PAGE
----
Los Alamos National Laboratory is leading a new research consortium funded by the Bipartisan Infrastructure Law to identify and characterize the nation’s hundreds of thousands of undocumented orphaned wells and determine their full environmental impact with a focus on methane emissions, a potent greenhouse gas.
“These long-abandoned, orphaned oil and natural gas wells are scattered across the United States, and it can be very hard to determine their locations, because they were drilled before regulatory laws were enacted,” said Hari Viswanathan, lead scientist overseeing the multi-national-lab effort. “An undocumented orphaned well is one that was never documented on public maps and records and has been abandoned by its legal owners, who no longer claim responsibility for it. Information about its ownership and construction have been lost. The goal is to document them so they can be remediated and plugged.”
To support the effort, the program, funded by the Department of Energy, Office of Fossil Energy and Carbon Management, will rely on advances in drones for carrying multiple, inexpensive, lightweight sensors to detect the wells. The program will also rely on the development of geophysical techniques to characterize the wells and advancements in machine learning for finding clear signals in noisy data, Viswanathan said.
The Bipartisan Infrastructure Law provides $30 million to establish a research consortium tasked with developing technologies and best practices to locate these wells, characterize their construction and determine levels of methane emissions, wellbore integrity and overall environmental impacts. Based on that information, the wells can be prioritized for plugging and remediation by state and federal agencies.
In addition to Los Alamos, the consortium includes representatives from the Interstate Oil and Gas Compact Commission, the U.S. Department of Interior and four other national labs: Lawrence Berkeley National Laboratory, Lawrence Livermore National Laboratory, National Energy Technology Laboratory and Sandia National Laboratories.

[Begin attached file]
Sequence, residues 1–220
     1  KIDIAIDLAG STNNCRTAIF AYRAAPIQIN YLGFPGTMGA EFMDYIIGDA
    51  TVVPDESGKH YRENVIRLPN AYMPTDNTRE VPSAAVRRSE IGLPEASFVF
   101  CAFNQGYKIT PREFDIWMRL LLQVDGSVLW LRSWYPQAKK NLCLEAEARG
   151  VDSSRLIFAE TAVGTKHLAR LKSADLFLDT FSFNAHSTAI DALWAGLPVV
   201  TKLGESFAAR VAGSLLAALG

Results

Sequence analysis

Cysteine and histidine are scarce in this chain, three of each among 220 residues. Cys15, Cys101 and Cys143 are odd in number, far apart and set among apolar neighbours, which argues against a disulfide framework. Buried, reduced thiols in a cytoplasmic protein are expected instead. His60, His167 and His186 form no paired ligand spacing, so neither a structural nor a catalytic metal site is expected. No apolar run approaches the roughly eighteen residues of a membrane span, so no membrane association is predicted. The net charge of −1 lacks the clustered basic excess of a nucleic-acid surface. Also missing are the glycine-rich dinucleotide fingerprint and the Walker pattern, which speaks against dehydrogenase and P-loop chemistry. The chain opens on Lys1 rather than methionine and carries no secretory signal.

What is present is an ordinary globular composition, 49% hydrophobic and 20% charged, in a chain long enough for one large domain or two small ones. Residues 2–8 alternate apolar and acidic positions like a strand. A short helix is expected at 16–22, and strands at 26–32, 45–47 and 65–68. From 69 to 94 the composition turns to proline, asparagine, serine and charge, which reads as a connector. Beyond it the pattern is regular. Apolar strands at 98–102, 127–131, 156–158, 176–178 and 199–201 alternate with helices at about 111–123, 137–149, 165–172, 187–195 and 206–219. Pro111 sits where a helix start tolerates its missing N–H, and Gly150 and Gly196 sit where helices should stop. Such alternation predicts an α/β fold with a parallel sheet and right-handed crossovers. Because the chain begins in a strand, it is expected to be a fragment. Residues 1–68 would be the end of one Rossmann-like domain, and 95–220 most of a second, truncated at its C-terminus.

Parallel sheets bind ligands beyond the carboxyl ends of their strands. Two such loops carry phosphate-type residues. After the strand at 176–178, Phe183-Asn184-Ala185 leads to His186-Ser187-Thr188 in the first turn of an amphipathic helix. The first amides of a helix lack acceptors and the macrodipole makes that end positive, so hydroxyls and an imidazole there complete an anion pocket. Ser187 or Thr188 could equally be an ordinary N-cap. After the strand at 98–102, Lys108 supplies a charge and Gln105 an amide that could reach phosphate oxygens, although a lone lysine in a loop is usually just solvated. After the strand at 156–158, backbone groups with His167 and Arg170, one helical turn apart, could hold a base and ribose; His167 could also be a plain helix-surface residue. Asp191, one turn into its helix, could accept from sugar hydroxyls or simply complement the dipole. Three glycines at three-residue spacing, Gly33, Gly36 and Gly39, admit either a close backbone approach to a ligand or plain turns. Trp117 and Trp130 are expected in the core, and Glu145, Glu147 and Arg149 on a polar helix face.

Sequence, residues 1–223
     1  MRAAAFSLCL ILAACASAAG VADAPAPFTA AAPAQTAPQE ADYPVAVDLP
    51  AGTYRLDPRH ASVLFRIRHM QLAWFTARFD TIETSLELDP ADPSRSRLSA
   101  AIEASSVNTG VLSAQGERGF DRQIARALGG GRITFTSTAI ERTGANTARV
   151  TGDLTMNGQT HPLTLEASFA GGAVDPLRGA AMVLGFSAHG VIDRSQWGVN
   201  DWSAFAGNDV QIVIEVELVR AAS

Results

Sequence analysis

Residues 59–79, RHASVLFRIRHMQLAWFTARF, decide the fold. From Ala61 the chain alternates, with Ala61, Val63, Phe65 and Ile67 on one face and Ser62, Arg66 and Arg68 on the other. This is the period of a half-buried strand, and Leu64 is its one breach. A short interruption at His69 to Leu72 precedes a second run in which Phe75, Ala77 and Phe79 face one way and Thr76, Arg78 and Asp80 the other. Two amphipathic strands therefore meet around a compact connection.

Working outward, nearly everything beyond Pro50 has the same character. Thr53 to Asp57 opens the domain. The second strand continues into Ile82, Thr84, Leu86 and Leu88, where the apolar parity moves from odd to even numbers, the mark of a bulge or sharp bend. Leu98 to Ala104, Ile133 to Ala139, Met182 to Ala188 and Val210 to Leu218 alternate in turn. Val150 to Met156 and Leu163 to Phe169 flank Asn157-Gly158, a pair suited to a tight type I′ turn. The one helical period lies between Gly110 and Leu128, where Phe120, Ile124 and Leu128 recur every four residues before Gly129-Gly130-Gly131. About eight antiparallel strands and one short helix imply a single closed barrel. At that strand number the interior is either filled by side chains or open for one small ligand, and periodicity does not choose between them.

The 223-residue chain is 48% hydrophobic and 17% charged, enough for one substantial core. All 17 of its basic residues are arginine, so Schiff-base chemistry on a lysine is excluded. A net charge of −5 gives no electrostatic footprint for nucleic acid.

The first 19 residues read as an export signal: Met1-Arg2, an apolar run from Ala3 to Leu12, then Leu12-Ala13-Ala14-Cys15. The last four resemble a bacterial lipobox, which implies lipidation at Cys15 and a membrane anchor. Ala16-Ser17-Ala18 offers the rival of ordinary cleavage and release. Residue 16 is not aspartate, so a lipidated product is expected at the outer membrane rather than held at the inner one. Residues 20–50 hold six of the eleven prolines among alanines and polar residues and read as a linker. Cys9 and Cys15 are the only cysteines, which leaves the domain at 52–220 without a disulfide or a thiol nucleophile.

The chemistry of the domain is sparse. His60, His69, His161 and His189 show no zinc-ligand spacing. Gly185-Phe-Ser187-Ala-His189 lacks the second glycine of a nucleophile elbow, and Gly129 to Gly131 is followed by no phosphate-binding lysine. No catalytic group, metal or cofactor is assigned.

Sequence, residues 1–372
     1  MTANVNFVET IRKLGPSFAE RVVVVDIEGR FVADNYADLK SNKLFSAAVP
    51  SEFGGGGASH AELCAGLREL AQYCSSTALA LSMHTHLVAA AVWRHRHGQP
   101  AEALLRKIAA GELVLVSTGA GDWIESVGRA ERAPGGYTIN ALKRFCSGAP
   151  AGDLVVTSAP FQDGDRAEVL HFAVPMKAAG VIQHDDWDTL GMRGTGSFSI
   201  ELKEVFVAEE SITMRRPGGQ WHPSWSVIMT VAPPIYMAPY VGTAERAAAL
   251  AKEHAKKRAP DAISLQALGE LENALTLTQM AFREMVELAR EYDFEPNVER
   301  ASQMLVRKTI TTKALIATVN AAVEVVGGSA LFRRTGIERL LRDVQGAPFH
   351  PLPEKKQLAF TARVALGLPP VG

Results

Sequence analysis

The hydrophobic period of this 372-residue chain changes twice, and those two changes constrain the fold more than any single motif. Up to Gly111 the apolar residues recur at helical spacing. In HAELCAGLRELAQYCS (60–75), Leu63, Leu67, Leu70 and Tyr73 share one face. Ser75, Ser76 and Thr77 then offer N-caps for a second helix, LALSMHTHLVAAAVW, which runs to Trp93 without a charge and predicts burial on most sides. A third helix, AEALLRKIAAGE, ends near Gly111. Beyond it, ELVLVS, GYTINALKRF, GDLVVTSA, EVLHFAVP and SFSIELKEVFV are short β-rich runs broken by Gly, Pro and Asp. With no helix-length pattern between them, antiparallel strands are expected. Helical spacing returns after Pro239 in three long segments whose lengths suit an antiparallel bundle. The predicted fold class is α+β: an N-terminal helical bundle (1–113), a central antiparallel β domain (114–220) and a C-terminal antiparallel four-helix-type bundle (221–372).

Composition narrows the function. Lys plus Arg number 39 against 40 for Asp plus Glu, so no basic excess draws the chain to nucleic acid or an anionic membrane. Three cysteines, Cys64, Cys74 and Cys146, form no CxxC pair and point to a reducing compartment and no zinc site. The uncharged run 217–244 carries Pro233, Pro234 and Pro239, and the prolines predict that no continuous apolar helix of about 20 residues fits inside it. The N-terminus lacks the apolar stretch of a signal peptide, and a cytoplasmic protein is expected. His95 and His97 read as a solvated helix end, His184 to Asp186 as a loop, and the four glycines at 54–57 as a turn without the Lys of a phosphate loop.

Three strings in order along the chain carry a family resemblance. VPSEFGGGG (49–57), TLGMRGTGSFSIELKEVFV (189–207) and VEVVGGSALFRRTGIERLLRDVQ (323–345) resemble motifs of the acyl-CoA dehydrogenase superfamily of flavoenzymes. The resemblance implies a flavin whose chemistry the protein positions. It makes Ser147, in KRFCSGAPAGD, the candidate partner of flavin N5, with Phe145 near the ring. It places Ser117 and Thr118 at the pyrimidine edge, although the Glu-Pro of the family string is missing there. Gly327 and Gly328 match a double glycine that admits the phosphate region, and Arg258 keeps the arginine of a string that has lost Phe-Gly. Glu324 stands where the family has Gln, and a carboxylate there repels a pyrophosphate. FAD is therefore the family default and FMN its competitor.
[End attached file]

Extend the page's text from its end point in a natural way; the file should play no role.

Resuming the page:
Over a five-year period, the research and development program will establish a collaborative framework via the consortium, develop and test new and existing technologies and processes in the field, create best practices for identification and characterization and ultimately deploy these technologies at scale. The technological advancements under this program will help further the Biden administration’s goals to cut methane emissions 30% by 2030 compared to 2020 levels.
The program calls for testing and demonstrating new hardware and analytical methodologies (for example, drones, unmanned aerial vehicles and satellites) to advance the state of the art in identifying and characterizing undocumented orphaned wells. Steps will also be taken to combine multiple data streams using machine learning to extract well location, emissions information and environmental impacts.
Article courtesy of Los Alamos National Laboratory.
Featured image credit: Pennsylvania Department of Environmental Protection
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